But once you decide, okay, I wanna invest in private credit, like you’re gonna there’s a learning curve to really being able to understand each of these asset classes.
Ben Fraser: I love that. It is so cool to hear kinda the evolution too of how you’ve even viewed your portfolio, because I feel like a lot of investors, and it’s not a fault of anybody because it’s, I think just how you get into it where.
You start doing your first deal, do another deal. And it’s I’ve called it on the podcast before, just the sock drawer investments, right? You just they all end up in there. It’s a big pile of, I like this one that day and this one that day. And eventually you take that back wow, these are all things I’ve invested in, but there’s been no strategy behind, Am I diversifying across asset classes?
Am I diversifying against geographies? Am I diversifying, in different strategies within the a there’s a whole multi-layered approach to portfolio allocation. I think that’s where a lot of people can level up a little bit, is understanding, cause especially like I asked you in the real estate world, the syndication boom over the past five to seven years is just, It’s gone nuts, right?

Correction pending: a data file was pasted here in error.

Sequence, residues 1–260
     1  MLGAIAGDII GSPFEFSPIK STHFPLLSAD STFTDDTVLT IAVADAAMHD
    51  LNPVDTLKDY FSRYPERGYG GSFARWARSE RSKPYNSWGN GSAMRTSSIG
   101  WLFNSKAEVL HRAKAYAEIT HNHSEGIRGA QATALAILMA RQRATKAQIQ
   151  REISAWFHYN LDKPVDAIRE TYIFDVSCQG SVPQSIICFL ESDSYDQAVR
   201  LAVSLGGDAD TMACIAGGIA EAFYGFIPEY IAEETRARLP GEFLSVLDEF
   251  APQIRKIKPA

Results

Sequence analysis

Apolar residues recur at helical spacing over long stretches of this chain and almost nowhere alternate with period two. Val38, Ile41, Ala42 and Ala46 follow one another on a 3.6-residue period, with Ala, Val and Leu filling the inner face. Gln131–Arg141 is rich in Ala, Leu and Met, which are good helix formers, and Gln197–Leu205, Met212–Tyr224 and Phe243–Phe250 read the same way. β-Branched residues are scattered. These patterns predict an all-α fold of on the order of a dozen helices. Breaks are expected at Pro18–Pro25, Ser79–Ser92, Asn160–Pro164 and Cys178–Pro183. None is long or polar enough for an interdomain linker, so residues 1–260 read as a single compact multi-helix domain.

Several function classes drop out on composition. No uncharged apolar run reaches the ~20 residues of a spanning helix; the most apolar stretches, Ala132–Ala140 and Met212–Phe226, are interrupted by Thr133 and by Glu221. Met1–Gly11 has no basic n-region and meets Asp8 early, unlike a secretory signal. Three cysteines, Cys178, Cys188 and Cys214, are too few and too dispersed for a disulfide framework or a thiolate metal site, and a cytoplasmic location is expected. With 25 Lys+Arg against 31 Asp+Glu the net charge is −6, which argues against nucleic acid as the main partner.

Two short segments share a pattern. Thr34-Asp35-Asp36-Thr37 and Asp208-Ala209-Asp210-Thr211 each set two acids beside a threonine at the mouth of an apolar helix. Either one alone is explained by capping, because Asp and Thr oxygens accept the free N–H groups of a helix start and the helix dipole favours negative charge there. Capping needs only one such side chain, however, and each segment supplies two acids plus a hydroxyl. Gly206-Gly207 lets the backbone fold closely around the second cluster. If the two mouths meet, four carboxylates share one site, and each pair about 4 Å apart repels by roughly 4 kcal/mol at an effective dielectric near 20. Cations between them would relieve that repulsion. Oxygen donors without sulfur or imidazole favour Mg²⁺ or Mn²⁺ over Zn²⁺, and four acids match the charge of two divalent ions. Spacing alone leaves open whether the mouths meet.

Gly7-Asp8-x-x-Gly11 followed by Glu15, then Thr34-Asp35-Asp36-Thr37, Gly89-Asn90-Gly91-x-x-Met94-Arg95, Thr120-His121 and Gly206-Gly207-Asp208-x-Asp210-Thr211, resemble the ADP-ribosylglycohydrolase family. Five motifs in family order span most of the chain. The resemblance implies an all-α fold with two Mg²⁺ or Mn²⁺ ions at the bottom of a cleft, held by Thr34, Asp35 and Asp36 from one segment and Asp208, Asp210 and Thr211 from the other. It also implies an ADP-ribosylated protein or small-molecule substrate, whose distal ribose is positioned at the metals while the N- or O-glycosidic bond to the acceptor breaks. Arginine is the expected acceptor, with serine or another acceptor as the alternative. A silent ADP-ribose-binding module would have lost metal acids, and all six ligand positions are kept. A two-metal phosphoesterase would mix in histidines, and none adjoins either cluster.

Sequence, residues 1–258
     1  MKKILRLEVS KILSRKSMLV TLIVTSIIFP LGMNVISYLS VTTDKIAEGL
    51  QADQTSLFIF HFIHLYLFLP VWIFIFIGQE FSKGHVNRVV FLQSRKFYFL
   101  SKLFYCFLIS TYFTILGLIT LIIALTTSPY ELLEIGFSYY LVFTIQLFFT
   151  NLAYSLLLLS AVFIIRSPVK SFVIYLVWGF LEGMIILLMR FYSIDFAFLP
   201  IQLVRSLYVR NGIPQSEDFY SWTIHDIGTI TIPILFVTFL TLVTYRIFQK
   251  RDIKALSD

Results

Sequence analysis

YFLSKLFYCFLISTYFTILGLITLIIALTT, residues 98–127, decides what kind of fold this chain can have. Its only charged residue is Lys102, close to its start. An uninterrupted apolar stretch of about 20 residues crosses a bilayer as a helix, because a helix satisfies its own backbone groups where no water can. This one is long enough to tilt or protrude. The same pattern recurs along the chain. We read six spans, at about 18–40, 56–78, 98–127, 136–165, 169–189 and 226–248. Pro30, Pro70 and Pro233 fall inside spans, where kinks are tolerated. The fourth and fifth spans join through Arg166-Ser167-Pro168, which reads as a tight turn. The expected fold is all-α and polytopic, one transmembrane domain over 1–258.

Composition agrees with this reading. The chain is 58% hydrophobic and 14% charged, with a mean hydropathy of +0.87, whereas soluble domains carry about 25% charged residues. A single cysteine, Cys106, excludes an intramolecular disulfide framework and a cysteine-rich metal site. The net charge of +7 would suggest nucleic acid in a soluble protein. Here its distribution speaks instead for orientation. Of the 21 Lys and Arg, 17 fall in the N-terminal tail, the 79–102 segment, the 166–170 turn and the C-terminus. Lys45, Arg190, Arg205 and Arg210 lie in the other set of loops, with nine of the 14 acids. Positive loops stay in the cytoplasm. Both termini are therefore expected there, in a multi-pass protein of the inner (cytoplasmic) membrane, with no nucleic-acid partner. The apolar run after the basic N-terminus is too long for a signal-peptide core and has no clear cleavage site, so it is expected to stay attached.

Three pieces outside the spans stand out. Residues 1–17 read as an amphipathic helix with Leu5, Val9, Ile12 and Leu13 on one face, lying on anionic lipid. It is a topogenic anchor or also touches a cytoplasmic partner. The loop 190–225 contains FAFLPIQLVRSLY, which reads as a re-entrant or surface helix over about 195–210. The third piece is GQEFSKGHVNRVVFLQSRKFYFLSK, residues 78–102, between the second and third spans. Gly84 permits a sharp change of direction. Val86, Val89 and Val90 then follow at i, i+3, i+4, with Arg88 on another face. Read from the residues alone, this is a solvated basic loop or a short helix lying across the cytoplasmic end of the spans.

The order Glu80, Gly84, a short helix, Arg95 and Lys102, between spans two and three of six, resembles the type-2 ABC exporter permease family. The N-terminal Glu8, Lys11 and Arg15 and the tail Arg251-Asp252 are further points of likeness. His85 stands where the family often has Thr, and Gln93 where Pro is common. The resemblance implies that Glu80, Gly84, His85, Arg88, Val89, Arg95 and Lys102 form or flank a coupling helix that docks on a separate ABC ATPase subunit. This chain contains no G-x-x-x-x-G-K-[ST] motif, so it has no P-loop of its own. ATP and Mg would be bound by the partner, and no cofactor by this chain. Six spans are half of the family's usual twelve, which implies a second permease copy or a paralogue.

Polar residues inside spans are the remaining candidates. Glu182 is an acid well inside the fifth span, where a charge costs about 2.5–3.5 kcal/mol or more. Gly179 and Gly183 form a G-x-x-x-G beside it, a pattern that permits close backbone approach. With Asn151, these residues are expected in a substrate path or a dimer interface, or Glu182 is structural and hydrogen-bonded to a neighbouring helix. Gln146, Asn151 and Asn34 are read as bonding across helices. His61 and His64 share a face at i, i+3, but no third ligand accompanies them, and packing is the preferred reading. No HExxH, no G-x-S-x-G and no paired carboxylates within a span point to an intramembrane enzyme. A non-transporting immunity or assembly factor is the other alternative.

Everyone is a multifamily syndicator now, and so most people have invested mostly in multifamily, but we’re seeing right now, where we stand today in mid 2023 multifamily is, having some challenges. And if you have a large portion of your portfolio and in your alternative portfolio in multifamily, that’s a risk that you’re taking.
Maybe you weren’t even realizing this, so how have you. What’s your portfolio look like today? Just kinda from a broad standpoint of public versus private at different asset class types? Are you still pretty skewed to the, angel private equity stuff? Have you done real estate? Tell me kinda what your broad allocation kind of looks like now.
Andy Hagans: Yeah good question. And honestly it’s almost, you’re putting me on the spot. I’m like geez, I have to I have to value or evaluate some of these private holdings, which might be, it’s hard to do that precisely sometimes with a privately owned business. But I would say as time goes on, I still believe in stocks.